Westport (CT) Country Playhouse, on the board of advisors of Shakespeare & Co. in Lenox, MA, and master gardener and president of the New Canaan (CT) Beauti - fication League. New Canaan’s St. Luke’s School, where Carol’s husband has been a trustee and both sons are graduates, re - cently dedicated its Seldin Performing Arts Center. Meanwhile, the gardens at Dogwood Hill, the Seldins’ home, were featured in several local magazines and in


Liz Miller Grasty in Herndon, VA, is “aiming to retire in two years”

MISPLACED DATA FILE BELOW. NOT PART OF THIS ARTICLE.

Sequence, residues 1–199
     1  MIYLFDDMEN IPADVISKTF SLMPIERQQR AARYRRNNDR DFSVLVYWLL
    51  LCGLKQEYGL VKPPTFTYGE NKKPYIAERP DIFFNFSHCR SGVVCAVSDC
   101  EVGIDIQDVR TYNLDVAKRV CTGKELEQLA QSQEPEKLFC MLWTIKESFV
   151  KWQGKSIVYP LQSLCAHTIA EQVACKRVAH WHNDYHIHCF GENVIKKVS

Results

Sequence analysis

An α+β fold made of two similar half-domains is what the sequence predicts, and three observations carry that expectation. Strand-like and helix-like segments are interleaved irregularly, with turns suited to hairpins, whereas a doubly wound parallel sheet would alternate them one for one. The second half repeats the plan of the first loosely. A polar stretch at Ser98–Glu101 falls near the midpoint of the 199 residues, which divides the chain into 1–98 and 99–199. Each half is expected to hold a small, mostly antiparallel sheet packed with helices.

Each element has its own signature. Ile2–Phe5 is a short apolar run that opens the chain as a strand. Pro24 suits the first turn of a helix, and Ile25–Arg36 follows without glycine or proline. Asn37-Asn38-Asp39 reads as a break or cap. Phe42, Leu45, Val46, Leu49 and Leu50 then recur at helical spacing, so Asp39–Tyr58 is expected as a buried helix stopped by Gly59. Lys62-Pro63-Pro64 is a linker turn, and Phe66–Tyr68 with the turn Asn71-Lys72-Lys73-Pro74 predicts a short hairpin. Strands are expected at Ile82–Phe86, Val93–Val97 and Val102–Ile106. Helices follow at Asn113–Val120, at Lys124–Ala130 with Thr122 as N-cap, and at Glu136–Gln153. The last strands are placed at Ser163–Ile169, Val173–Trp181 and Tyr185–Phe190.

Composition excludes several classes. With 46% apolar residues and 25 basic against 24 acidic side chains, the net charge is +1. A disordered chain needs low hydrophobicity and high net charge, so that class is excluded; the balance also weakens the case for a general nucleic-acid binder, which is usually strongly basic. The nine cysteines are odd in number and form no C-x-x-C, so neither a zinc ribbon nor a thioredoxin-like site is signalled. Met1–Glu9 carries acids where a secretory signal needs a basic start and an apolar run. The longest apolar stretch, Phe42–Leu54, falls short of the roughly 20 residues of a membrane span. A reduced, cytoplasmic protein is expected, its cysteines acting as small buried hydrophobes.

In the Garden by Stacy Bass. Carol’s son Douglas ’08 has conducted theater work- shops for Skidmore, where he is teaching stage movement and directing A Mid sum - mer Night’s Dream. When Jeff Jannuzzo and wife Anne- Marie spent a week in Berlin before Christ - mas, they found that people actually un - derstood them when they spoke German. He comments, “Seeing high-school kids visiting museums, and realizing they not only had no memory of World War II or the Cold War or communism, but had lived only in a world in which Berlin had no wall at all, created a feeling that is too hard to describe.” This past spring judge Joan Kohout received Albany (NY) Law School’s Kate Stoneman Award, named for Albany Law’s first woman graduate and first woman admitted to the practice of law, in 1886. Joan has served as a judge in Monroe County Family Court for 24 years. On a 10-day trip to Catalonia, Julie Johnston, Linda Zieper, and their friend Linda Warner (Simmons ’70) spent most of their time in Barcelona, where they “toured museums and churches, shopped shoe stores, ate delicious Catalan food, and drank lots of local wine.” Highlights included a cooking lesson featuring paella and crema catalana. A concert at the art nouveau Palau de la Musica Catalana and tours of the Gaudi-designed Casa Battlo and Palau Guell were other highlights of an adventure to remember. Gail Jenks Goff opened her own archi- tectural practice in Newport, RI, three years ago, designing houses in southern Rhode Island and Massachusetts. She’s recently connected with other Skidmore alumnae and says there are quite a few in the Newport area.